According to a recent Reuters article, Singapore Airlines has announced it plans to retain a hedge that locked in the cost of two-thirds of its jet fuel requirements through the end of March 2015. Other airlines have removed their hedges. Whether you are an airline, a farmer, a manufacturer, or a mining operation, what are the consequences of unwinding a hedge early?
Any business that hedges a commodity price risk has made a decision to mitigate a certain risk. In the case of an airline hedging its jet fuel costs, it is attempting to prevent financial losses, should the cost of jet fuel increase. The airline’s hedger makes a financial commitment to buy the fuel over a certain time period at a fixed cost, usually the market price for those anticipated months of usage. The form of the hedge is typically a “long” position in financial derivatives or in some other contract that would enable the company to acquire the fuel at a locked-in cost. These derivatives could be futures, swaps, or forwards. Or, they could be options that would allow the hedger to acquire any of those derivatives at favorable cost later, should the market price increase.
In this case, Singapore Airlines had entered into a hedge to lock its cost at $116 per barrel. Current pricing is $63 per barrel. If prices stay the same through the remainder of the hedge period, they will lose $53 per barrel on the hedging derivatives from now until the end of the hedge. Yet, the hedge has worked exactly as originally designed: they locked their cost in at $116 per barrel. With perfect hindsight, I’m sure they wish they had not hedged the risk. Yet, there is a bigger picture. They may have recouped some or all of those losses through their ticket pricing strategy. Whether or not they have is beyond our scope and irrelevant to our discussion, but most hedgers are seeking to reduce risk rather than increase it. So, I suspect they had an offsetting benefit to curtail the negative effect of the derivatives.
Unwinding a hedge early usually means cashing up the derivatives and recognizing any embedded gains or losses. The company may simply be able to go out into the futures market and offset its positions by selling like contracts. Or, it may execute a swap agreement that negates the future effect of the existing derivatives until they expire or mature.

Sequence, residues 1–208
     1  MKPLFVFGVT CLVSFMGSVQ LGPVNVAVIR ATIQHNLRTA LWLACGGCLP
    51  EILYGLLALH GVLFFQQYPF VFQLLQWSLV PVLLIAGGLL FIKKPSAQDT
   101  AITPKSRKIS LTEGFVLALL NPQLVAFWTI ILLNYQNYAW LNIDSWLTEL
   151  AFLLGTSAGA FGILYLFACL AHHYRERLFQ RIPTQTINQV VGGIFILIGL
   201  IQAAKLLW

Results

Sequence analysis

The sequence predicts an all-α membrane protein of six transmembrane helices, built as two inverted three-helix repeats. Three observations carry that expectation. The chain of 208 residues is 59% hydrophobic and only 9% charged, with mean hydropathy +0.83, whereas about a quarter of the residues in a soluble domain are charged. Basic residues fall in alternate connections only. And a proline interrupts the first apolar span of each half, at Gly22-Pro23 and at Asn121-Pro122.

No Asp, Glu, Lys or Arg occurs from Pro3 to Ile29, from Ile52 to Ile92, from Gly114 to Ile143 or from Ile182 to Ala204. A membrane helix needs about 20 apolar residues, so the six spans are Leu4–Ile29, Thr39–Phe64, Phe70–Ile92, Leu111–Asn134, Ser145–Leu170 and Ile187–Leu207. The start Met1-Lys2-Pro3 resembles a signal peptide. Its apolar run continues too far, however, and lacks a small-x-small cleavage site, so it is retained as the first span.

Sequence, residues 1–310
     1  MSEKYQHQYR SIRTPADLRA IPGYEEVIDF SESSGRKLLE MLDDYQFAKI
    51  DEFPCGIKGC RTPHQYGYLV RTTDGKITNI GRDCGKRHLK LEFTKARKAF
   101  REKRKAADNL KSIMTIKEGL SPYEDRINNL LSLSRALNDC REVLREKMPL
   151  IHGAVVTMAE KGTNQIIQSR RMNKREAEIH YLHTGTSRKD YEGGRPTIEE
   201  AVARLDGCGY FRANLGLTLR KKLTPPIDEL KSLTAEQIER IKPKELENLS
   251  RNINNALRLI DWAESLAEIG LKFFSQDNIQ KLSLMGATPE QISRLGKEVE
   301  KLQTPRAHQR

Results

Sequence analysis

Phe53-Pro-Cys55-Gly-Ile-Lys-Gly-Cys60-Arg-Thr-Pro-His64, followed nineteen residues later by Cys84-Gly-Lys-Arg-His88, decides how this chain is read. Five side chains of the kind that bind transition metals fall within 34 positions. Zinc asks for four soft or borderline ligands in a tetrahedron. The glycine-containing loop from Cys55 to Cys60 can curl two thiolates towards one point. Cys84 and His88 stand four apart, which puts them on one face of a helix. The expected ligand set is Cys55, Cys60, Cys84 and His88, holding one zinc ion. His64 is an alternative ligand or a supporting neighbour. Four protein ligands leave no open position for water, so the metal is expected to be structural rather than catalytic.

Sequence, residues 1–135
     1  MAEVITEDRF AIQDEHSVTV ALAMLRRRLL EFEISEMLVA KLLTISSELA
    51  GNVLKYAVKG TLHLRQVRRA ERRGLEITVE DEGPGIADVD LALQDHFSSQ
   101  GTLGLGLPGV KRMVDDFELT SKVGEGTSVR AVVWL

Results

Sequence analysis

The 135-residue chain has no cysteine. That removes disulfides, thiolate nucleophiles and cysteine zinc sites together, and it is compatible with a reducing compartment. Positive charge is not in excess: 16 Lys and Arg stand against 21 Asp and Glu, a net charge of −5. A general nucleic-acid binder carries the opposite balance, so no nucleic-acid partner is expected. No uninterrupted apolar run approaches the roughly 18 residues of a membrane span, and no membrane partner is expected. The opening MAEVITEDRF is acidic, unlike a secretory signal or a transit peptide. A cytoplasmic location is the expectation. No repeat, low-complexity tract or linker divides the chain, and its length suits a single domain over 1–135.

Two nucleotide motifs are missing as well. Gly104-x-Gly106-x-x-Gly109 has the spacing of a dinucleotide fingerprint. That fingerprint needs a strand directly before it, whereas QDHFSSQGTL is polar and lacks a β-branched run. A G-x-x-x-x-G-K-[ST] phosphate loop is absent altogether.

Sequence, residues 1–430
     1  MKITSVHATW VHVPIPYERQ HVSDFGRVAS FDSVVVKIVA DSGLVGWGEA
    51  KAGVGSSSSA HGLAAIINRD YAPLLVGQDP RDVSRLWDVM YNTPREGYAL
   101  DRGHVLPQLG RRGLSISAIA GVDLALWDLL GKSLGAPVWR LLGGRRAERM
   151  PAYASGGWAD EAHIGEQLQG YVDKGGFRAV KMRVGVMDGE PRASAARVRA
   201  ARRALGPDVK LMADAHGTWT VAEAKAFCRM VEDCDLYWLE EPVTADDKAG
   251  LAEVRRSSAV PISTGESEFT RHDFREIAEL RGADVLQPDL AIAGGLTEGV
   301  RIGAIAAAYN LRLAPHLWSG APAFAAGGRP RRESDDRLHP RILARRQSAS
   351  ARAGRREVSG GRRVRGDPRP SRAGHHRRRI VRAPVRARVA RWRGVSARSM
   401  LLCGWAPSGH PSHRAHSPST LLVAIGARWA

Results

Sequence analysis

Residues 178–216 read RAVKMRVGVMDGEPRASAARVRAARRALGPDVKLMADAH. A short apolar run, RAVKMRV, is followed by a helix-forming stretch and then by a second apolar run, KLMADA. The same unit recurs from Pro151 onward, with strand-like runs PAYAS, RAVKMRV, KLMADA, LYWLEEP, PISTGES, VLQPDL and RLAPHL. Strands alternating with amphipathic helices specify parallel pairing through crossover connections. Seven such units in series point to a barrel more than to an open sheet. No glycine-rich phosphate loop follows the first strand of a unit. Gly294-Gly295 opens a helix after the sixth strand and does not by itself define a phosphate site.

Once a hedge has been unwound, the risk that gave rise to the hedge is no longer mitigated. For example, it is possible, although perhaps highly improbable, that jet fuel could be priced at $150 per barrel by next month. Since Singapore Airlines is retaining its hedge, today’s large losses embedded in its derivatives would turn into gains, at least for the portion of time that jet fuel traded above the locked-in cost of $116 per barrel. Had it closed its hedge early, it would have lost $53 per barrel on the derivatives, and another $34 ($150 – $116) per barrel on the jet fuel itself. Even if prices only rebound to $70 per barrel, the company would be better off retaining its hedge because the derivative losses will not be as large as when jet fuel is priced at the current price of $63 per barrel. Without a hedge in place, any subsequent rebound in the cost of jet fuel will cost the airline additional money.
Although it is difficult to “be wrong” about the direction of a commodity price, true hedgers don’t think that way. They are not speculating on the direction of the price. Rather, they are eliminating the risk of an adverse price change.
If you are a hedger, be very thoughtful about unwinding a hedge. When you remove a hedge, you are removing the protection you originally put in place. There may be instances in which the hedged risk has declined significantly, whereupon early hedge removal may be prudent.
If you were running Singapore Airlines and considering removing its hedge on jet fuel, you would want to consider the following: Do I want to speculate that the cost of jet fuel is going to continue to decline through the end of our hedge period? Absent further information about the business, that is the only scenario under which removing that hedge early will benefit it. If the risk of jet fuel prices increasing above $116 per barrel was such a high concern at the inception of the hedge, wouldn’t today’s risk of prices increasing also be significant at the much lower price of $63 per barrel?
Although we don’t know all of the business factors (particularly revenues from customers) that would lead to these decisions, the fundamental questions are the same for any hedger of any commodity in any industry. Don’t compound one loss into another by a knee-jerk reaction that lacks the discipline of a effective hedging program. Weigh all factors carefully and remember the risk.
Note: There are accounting ramifications to unwinding a hedge early that may affect the timing of when related gains and losses are recognized, the disclosure of such gains and losses in the financial statements, and perhaps even the timing of inclusion of such gains and losses on the company’s income tax returns. Accounting for hedges is extremely complex, so consult with your accounting professional.